Eddie Howe was left confused as to why the goal was not given but VAR did not overturn the on-field decision

Eddie Howe was left confused as to why the goal was not given but VAR did not overturn the on-field decision

The early stages of the match were played at a brilliant pace with both sides battling for the opener

The early stages of the match were played at a brilliant pace with both sides battling for the opener

Newcastle did have the ball in the net when Joelinton turned in from close range on 39 minutes. Stuart Attwell immediately blew for a handball by the Brazilian and, with no clear evidence to the contrary, VAR stuck with the referee’s decision. That was the right call, even if Attwell’s was perhaps wrong.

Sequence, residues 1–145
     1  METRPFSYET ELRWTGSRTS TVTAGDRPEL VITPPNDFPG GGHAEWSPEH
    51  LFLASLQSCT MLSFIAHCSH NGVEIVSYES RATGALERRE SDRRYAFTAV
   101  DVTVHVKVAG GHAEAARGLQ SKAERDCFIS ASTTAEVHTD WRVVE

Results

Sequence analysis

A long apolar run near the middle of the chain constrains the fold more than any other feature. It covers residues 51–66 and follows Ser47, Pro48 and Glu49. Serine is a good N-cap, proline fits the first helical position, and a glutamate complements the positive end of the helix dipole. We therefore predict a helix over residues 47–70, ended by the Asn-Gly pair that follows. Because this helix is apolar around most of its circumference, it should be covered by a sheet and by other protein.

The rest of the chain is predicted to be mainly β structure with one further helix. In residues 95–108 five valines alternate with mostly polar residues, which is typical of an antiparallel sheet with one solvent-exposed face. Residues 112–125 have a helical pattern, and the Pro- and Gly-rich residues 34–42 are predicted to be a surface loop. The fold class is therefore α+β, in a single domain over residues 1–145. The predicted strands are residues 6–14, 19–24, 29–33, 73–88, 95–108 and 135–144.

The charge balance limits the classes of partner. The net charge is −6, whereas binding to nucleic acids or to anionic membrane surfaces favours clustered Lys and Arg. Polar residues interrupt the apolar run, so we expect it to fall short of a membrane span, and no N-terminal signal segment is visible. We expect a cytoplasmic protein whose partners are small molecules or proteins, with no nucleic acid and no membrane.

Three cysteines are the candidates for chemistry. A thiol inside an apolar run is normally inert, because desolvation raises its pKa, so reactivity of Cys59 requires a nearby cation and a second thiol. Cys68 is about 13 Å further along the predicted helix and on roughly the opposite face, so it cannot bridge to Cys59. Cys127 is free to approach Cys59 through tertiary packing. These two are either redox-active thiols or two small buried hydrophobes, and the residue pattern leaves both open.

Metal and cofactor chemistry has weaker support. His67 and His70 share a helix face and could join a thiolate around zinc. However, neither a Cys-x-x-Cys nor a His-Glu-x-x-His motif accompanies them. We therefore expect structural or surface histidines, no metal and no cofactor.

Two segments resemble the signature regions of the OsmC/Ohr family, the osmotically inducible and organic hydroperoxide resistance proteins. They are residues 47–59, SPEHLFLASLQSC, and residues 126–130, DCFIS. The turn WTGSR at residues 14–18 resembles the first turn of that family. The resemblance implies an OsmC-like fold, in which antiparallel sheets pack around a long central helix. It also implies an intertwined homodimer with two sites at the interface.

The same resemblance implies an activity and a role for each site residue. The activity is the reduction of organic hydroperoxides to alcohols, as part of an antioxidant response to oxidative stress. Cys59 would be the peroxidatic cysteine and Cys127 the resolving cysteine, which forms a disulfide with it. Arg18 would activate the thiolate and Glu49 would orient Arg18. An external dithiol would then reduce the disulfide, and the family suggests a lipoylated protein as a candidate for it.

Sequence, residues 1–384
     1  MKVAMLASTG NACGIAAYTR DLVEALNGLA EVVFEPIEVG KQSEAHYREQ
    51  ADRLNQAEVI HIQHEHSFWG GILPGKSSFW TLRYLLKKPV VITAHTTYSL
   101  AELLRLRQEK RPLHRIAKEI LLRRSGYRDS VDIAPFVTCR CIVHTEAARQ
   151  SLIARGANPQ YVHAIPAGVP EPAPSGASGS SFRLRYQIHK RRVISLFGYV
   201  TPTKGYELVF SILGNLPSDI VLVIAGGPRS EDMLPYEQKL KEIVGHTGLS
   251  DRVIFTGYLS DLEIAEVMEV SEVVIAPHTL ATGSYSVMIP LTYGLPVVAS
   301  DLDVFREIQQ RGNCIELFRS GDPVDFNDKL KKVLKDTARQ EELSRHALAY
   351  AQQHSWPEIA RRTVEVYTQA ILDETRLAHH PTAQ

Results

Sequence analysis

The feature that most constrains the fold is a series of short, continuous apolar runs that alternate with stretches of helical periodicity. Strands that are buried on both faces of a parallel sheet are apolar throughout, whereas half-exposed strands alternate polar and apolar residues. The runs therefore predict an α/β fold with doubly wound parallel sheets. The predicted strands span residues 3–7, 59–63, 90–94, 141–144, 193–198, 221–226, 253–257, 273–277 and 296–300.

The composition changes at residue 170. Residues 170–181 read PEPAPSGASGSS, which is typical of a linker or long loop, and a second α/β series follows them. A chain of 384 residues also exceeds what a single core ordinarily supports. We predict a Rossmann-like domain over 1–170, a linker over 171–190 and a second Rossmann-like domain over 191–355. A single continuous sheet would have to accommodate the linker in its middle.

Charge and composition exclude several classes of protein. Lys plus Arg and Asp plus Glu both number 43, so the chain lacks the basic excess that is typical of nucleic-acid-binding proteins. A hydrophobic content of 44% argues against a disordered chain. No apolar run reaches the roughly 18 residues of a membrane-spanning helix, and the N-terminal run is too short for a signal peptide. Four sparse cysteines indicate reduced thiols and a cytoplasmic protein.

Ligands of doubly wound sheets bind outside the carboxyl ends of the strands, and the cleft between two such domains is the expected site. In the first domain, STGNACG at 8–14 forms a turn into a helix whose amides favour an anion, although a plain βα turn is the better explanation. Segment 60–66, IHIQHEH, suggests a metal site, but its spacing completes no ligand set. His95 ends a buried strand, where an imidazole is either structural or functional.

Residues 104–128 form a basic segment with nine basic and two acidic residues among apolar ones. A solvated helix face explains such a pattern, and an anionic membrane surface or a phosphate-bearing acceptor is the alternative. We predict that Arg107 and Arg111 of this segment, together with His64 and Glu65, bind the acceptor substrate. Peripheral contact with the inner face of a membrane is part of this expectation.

Joelinton should have bypassed the need for any Stockley Park review when Almiron’s cross was deflected to his unmarked feet, just six yards out, shortly after half-time. With a gaping target all he had to do was find it. Instead, he found a way to miss, spooning way over the crossbar.

But he made no mistake in the 73rd minute as substitute Alexander Isak burned by Duje Caleta-Car and centred for his team-mate to bury without hesitation.

There was a nervy moment for the visitors when Armstrong then bundled in from close range but replays clearly showed a handball. And, in the closing moments, home defender Duje Caleta-Car was sent off when picking up a second yellow card for a chop on Allan Saint-Maximin.